We both talk about our peers are busy working and can't do the things that we can. Gym time is a couple of guys and the soccer moms. Kids baseball is the same. Weather sucked last winter so I flew to Cabo for a few days. Made the decision the day before. All my buddies had to work. Oh well.

I just took the first withdrawal off my portfolio in the last month. I laid out my planned large purchases and two college tuitions for both my kids over the next 3 yrs and took that money off the table even though my cashflow is more than enough. I don't think anyone went broke taking profits.

When you are ERd you have more time to find the deals thus spending on the same items tend to go down. One of the things I do is travel hack. I just looked this morning and YTD I have spent $8700 on travel that cost me $4200. Well within my spending limits.
__________________
JDARNELL is offline   Reply With Quote
Old 08-01-2016, 05:02 PM   #4
Recycles dryer sheets
BreathFree's Avatar
 
Join Date: Nov 2012
Location: Navarre
Posts: 77
Quote:
Originally Posted by Sunset View Post
What are your rentals worth if you sold them after real estate fees and depreciation recapture tax of 25% ?

Here are some issues I see, you are young at 45 so that is a very very very long time to be retired on $700K + rentals, meaning you are probably looking at a 2% withdrawal rate to be sure it lasts estimated 45 years. So that is $14K / yr from the 700K investments.

Ah yes, I left out a bit. So, my plan was to not touch the $700,000 until age 65 barring some unforeseen circumstance. I have it invested at 60/40. So if I get just 3% real return, I'm looking at $1,260,000 real at 65. Assuming no increase in property value, after depreciation recapture tax of 25%, I would net approximately $300,000. So, that would give me 1.5 million at 65 in today's dollars. My problem with this is the length of time in retirement, as you said, so many things could go wrong. How would you even begin to come up with a reasonable number without being overly pessimistic and working until age 65. I don't know how to quantify the financial asset part. What number would you suggest would be appropriate?

Quote:
Originally Posted by Sunset View Post
Plus, lets say you did it, then in 5 years meet mr/mrs wonderful and want to get married, if that person doesn't have as much or more than you saved, you cannot afford to live with or support that person. So you are limiting your social options.
Mom? jk. I appreciate your concern. Let's keep it to the financials, I don't care to discuss my personal relationship issues.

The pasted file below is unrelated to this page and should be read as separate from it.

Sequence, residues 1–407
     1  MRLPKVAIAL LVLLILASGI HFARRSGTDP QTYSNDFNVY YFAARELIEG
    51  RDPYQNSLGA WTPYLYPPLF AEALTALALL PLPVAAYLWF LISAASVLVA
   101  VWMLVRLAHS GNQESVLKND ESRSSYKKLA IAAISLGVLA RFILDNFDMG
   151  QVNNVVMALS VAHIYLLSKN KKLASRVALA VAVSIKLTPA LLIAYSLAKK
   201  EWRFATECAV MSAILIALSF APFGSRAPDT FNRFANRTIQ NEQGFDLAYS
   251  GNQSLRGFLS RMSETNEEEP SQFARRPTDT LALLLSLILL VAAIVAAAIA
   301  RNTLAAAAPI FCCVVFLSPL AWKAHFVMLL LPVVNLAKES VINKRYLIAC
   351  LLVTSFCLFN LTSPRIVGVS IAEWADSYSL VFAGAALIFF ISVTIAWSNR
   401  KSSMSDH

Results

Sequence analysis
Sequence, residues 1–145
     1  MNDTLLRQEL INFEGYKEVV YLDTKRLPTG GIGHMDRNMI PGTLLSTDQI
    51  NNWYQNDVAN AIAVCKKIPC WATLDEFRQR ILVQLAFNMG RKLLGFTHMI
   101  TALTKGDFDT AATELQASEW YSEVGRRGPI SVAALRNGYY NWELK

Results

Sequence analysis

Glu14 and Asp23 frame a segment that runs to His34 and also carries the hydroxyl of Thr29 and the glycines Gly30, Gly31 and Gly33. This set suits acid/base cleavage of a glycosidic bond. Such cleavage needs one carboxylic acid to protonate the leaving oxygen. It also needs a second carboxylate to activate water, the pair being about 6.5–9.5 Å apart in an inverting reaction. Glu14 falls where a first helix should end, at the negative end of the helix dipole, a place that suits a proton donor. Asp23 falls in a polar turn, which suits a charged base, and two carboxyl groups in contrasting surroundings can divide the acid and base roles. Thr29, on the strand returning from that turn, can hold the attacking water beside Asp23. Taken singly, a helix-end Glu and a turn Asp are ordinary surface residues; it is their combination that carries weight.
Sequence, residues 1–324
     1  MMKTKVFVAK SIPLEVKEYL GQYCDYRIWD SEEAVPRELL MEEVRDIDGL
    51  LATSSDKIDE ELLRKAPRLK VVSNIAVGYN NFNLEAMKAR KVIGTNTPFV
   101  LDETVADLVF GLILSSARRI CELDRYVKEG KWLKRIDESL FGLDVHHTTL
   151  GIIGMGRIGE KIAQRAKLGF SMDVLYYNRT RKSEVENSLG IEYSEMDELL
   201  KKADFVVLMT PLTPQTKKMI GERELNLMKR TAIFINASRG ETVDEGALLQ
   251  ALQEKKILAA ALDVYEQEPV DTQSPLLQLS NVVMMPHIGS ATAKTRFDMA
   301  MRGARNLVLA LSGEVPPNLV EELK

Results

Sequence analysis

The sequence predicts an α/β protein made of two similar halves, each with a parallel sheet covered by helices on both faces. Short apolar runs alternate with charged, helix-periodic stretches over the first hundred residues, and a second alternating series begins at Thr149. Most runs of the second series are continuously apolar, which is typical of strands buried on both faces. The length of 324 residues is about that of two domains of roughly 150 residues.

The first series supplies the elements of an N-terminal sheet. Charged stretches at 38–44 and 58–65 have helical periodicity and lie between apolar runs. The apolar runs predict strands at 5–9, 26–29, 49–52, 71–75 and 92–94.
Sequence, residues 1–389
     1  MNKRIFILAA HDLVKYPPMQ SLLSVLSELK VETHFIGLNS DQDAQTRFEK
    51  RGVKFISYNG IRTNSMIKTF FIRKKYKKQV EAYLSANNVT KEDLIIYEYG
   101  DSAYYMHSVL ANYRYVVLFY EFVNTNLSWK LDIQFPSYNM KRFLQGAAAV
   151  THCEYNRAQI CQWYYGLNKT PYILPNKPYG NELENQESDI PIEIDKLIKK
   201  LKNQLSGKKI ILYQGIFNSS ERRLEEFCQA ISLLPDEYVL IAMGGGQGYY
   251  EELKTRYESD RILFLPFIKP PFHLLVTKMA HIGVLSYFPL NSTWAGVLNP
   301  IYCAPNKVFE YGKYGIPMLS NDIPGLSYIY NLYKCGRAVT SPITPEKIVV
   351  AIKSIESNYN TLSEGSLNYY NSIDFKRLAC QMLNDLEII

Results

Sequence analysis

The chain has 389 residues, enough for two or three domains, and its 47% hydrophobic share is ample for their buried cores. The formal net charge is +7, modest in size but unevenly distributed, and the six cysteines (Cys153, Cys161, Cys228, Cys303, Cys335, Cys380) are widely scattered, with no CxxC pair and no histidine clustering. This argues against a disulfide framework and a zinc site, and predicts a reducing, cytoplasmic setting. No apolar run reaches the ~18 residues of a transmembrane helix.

Quote:
Originally Posted by Sunset View Post
Who are you going to hang out with ? Old people or the park bums ? everyone your age is working or wanting to work as they need the cash, or they are rich jet set and you cannot afford to even travel to where they are currently partying.
I don't hang out. I am an introvert. I have a few friends but find them exhausting. This is a fair question though and I have thought about it. I may either start a programming project, take some college classes (I could really up my math game) or even take on a part time job for social interaction. I don't want to need the job, it can't be about the pay, only something I find interesting.
__________________
BreathFree is offline   Reply With Quote
Old 08-01-2016, 05:14 PM   #5
Recycles dryer sheets
BreathFree's Avatar
 
Join Date: Nov 2012
Location: Navarre
Posts: 77
Quote:
Originally Posted by JDARNELL View Post
Any financing on the rentals?
No financing on anything if I can help it. I planned from the begging to live off the cash flow. I am in a town that does not grow, so expected virtually no property appreciation.
__________________
BreathFree is offline   Reply With Quote
Old 08-01-2016, 06:12 PM   #6
Thinks s/he gets paid by the post
RunningBum's Avatar
 
Join Date: Jun 2007
Posts: 4,393
Quote:
Originally Posted by Sunset View Post
Who are you going to hang out with ? Old people or the park bums ? everyone your age is working or wanting to work as they need the cash, or they are rich jet set and you cannot afford to even travel to where they are currently partying.